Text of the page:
Update: New evidence shows Shell was involved in corrupt practices in Nigeria

Shell Gas Station, Source: Wikimedia Commons ©

As reported by Facing Finance in February 2017, a Nigerian Court has ruled that Shell and Eni have to cede the license (Oil Prospecting License 245) for an oil block including more than nine billion barrel of crude reserves after an investigation by Nigeria’s Economic and Financial Crimes Commission into how they purchased the block.1

In 2011 Shell and Eni purchased the Oil Block from “Malabu Oil and Gas”, a company secretly owned by the corrupt former oil minister Dan Etete who transferred the rights of OPL 245 to his own company back in 1998. The Nigerian authorities state that this deal was illegal, because Malabu was only in possession of the license due to corruption, wheras Shell and Eni claim they thought they were doing business with the Nigerian Government.2

The NGO Global Witness has presented documents, which prove that with the help of the bank JP Morgan Chase, Shell and Eni were actually well informed as to whom they were transferring money. The license withdrawal may have some further consequences as it was already declared as an asset to investors.2 At the beginning of April this year, Global Witness and Finance Uncovered provided further evidence showing Shell’s deliberate involvement in corrupt practices. Internal emails show that Shell’s executives knew that they were depriving Nigeria and its people of $1.1 billion by bribing corrupt politicians such as former oil minister Dan Etete.3

This case emphasizes the importance of transparency laws, particularly in the oil and gas industry. After the financial crisis the Dodd-Frank Financial Reform and the Consumer Protection Act were introduced in 2010. Both include several regulations for financial institutions and higher consumer protection standards. Section 1504 of the Dodd-Frank Financial Reform obliged companies to disclose any payments to foreign governments for natural resources. This section was adopted in 20164 but had a three year phase in period. Unfortunately, before this adopted solution even gets off the ground, it is likely to be repealed by Republicans.5.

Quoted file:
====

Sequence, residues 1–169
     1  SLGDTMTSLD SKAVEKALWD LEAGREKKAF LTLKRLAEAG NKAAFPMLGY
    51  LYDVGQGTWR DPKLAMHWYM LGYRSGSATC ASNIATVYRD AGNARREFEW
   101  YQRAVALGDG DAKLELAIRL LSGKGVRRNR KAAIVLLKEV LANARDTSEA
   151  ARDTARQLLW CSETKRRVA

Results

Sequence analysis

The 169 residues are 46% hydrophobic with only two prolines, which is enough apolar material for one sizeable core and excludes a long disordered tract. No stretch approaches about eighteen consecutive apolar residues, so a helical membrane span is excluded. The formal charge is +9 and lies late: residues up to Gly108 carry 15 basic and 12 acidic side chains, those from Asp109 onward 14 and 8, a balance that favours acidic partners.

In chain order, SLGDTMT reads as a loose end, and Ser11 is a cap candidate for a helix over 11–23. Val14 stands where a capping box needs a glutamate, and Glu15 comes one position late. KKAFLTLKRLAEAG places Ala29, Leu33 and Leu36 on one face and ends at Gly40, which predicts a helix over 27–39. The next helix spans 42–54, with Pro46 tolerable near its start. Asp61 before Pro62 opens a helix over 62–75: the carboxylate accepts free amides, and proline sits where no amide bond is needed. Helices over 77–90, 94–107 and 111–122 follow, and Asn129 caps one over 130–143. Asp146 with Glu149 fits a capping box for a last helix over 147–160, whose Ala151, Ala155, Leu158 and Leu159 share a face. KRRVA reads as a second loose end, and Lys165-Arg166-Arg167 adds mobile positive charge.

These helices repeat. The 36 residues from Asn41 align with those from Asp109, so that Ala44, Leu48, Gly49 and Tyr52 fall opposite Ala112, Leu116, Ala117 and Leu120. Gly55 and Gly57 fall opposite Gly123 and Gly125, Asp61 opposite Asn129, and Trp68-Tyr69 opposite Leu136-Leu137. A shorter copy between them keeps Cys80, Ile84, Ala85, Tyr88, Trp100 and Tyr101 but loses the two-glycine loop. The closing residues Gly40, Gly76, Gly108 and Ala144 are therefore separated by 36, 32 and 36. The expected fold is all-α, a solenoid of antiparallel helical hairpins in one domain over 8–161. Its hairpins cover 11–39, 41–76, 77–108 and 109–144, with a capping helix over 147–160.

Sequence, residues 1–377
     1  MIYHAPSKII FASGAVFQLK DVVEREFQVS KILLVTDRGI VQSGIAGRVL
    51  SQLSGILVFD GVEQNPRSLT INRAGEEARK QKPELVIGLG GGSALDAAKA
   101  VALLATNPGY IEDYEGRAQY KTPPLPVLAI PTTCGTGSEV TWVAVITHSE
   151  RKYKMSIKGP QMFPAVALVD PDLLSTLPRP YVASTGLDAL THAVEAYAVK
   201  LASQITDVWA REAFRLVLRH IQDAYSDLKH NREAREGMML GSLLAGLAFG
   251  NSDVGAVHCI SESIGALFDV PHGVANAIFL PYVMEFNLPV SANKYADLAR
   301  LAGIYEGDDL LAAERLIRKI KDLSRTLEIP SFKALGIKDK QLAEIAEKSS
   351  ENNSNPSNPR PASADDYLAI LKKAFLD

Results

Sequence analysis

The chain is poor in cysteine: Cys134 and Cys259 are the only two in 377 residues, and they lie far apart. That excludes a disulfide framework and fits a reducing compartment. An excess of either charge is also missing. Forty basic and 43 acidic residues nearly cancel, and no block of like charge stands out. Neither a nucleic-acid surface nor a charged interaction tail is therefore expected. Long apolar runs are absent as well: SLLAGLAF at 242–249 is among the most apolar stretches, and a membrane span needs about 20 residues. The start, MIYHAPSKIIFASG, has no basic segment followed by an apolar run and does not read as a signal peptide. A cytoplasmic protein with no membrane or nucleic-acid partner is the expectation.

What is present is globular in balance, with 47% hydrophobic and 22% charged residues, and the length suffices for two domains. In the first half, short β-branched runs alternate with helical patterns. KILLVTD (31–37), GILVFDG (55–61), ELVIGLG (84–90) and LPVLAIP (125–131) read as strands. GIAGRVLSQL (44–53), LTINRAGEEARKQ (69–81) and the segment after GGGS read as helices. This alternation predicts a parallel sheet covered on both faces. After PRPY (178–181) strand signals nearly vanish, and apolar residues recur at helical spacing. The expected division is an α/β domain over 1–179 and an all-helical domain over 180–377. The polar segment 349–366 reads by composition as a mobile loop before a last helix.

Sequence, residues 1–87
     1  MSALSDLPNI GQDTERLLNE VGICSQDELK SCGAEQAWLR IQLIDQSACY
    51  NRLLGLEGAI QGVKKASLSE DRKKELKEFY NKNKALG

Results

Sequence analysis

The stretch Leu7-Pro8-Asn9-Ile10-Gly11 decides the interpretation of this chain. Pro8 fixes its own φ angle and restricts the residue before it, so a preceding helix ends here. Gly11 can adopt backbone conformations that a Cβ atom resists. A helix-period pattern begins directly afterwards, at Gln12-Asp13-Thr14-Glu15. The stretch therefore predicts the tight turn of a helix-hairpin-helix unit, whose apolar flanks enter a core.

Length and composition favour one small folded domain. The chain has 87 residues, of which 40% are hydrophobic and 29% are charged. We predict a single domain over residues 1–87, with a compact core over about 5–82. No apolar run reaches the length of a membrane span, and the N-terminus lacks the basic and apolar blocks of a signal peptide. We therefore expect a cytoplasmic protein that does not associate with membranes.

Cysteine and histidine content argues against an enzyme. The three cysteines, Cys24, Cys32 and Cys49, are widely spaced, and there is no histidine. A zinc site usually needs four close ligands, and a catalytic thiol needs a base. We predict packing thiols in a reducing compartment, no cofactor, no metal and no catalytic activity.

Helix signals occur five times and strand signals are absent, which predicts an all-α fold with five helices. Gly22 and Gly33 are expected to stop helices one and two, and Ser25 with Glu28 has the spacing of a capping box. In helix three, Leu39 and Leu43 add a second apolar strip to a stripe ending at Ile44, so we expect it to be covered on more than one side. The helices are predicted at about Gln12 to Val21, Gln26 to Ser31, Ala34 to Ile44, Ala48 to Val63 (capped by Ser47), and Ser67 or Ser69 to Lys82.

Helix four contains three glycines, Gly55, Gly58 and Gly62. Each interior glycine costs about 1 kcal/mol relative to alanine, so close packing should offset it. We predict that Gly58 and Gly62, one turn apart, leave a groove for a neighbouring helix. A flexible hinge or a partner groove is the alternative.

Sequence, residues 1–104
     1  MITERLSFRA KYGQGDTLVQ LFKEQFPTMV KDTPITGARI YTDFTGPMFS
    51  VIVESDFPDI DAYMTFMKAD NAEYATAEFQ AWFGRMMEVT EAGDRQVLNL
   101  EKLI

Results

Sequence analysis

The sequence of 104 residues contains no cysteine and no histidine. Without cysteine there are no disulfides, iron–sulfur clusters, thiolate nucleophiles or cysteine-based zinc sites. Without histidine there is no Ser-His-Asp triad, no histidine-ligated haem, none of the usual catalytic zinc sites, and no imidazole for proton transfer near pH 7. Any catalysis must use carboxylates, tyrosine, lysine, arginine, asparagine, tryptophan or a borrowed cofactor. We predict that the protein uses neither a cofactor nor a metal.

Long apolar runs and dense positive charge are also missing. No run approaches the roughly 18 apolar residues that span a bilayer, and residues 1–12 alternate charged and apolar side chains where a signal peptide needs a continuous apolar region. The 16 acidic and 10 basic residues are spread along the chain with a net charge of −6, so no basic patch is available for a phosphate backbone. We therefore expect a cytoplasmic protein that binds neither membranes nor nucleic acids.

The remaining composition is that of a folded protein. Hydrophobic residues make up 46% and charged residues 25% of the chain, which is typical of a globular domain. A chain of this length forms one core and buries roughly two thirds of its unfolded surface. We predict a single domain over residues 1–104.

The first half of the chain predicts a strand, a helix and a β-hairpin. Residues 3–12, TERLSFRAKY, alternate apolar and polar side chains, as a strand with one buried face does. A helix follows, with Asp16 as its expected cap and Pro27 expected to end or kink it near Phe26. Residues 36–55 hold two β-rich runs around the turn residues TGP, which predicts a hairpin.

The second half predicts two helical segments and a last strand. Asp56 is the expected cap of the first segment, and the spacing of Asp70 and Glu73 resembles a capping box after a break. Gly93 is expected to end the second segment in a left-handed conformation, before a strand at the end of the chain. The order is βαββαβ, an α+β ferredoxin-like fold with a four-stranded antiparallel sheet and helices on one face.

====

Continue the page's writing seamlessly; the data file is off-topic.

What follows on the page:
It is somewhat unsurprising that the repeal of Section 1504 in particular comes directly after the former ExxonMobil CEO Rex Tillerson joined Trump’s administration as Secretary of State. Transparency and control are crucial for ensuring sustainable and lawful governance. Consequences of corruption hit states like Nigeria hard as it is threatened by famines and expanding Boko Haram.


  1. Bloomberg: Nigeria Tells Shell, Eni to Temporarily Cede Oil Field Control, 27.01.2017: https://www.bloomberg.com/news/articles/2017-01-27/nigeria-tells-shell-eni-to-temporarily-cede-oil-field-control []
  2. Global Witness: Nigerian authorities seize billion dollar oil block from Shell and ENI following corruption probe, showing why US transparency law must be protected, 26.01.2017 https://www.globalwitness.org/en/press-releases/historic-nigerian-court-order-against-shell-and-eni-after-billion-dollar-corruption-probe-shows-exactly-why-us-transparency-law-must-be-protected/ [] []
  3. Global Witness: Shell knew, 13.04.2017: https://www.globalwitness.org/en/campaigns/oil-gas-and-mining/shell-knew/ []
  4. https://www.sec.gov/news/pressrelease/2016-132.html []
  5. The Atlantic: The House Kills an Anti-Corruption Measure, 01.02.2017 https://www.theatlantic.com/international/archive/2017/02/exxon-mobil-tillerson-state-corruption-russia-sec/515244/ []
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